During the 6 years that Ian Clark managed Genentech as its CEO, he never lost sight of the singular mission he had at the big Roche subsidiary. Like Pascal Soriot before him, and now Bill Anderson coming in after his departure at the end of this year, job 1 at Genentech is keeping the pharma giant’s uniquely productive R&D operation focused on big new products.
That job profile hasn’t changed one bit. This is what Roche’s Daniel O’Day, CEO of Roche’s pharma division, had to say on Clark’s replacement at the helm:
We are confident that (Anderson) will nurture Genentech’s unique culture and build upon a legacy of pursuing groundbreaking science to find the next breakthroughs for patients.
When Roche seized complete control of Genentech in 2009, the consensus view was that the rigid and somewhat unforgiving Swiss mentality of the owner would extinguish the creative environment that helped make Genentech a world leader in cancer R&D. Its own Basel-based research group, pRED, was headed into a painful reorganization that has yet to produce the kind of new products expected of it. But the feared demise of Genentech, gRED, didn’t happen, which is one key reason why Clark was able to launch 11 new drugs in his 6-year tenure as CEO, including the closely watched PD-L1 checkpoint pioneer Tecentriq.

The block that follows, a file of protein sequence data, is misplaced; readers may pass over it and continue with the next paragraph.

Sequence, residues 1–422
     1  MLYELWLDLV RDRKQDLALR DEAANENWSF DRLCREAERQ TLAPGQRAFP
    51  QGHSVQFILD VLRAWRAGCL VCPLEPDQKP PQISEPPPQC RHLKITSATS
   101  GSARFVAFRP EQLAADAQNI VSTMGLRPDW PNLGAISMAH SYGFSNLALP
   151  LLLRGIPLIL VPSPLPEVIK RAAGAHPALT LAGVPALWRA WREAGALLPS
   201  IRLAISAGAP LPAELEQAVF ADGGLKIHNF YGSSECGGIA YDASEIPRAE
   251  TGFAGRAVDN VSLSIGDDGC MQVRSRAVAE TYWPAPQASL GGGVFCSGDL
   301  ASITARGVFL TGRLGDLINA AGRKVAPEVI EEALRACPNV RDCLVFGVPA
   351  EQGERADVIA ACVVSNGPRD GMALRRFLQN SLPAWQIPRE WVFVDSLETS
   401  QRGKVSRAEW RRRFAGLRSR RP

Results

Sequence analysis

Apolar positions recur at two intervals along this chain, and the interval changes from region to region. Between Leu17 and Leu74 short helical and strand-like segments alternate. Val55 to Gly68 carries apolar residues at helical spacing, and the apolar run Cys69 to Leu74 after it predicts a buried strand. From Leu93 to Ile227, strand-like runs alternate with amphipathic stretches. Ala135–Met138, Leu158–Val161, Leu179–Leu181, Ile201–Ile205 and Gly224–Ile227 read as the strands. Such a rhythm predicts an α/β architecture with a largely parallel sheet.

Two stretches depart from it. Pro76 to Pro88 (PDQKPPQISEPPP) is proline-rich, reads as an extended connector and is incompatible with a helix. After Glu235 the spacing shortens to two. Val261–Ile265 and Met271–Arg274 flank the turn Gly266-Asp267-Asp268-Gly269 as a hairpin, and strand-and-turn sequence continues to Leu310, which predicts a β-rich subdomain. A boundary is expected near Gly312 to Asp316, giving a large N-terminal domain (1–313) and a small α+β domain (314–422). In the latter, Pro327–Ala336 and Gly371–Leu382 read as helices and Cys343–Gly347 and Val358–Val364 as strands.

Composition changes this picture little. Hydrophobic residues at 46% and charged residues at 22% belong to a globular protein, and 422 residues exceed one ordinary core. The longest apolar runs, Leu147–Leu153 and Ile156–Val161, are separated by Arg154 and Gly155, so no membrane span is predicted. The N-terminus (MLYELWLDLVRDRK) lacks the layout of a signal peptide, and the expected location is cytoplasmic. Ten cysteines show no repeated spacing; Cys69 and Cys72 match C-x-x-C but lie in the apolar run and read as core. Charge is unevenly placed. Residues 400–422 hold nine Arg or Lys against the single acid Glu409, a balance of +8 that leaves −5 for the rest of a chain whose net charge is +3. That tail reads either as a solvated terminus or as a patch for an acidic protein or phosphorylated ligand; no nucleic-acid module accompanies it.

Like Clark, Anderson is a longtime commercial player. He joined Genentech from Biogen 10 years ago as VP of sales and marketing for immunology. I asked for an interview, but Genentech’s PR contacts thought we should give it a few weeks before setting anything up.
Anderson, though has talked about what makes Genentech a special place to work.
It starts with technical excellence, he said in a presentation at MIT, in a company where all managers are expected to have a deep understanding of their field. Managerial charisma and an ability to wriggle out of a situation can not substitute for technical excellence.
Here’s the rest of the list of values:
-Speaking in plain English
-Trusting over your idea to your peers
-Keeping communication personal
-Dis-ing the trappings
-Humility and being wrong
-Checking your ego at the door
-Collaboration and conflict
-The true mission of companies…and Genentech
Clark, Soriot and now Anderson all had some impossibly big shoes to fill. CEO Art Levinson became a legend in his own time as the outsized chief of a company that was revolutionizing cancer treatment. Soriot went on to become CEO of AstraZeneca, and now Clark is supposedly “retiring” at a time his CV and experience give him dibs on one of the top jobs in the industry — or any kind of biotech role he’d care to pursue.
That’s something that will be worth watching, even though the Genentech job clearly no longer commands the same high profile that it once had.
In the meantime, it’s up to Anderson now to protect the golden goose in Roche’s operation, which has played a franchise role in countering generic competition as it loses control of some big markets.
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John Carroll, Editor and Co-Founder
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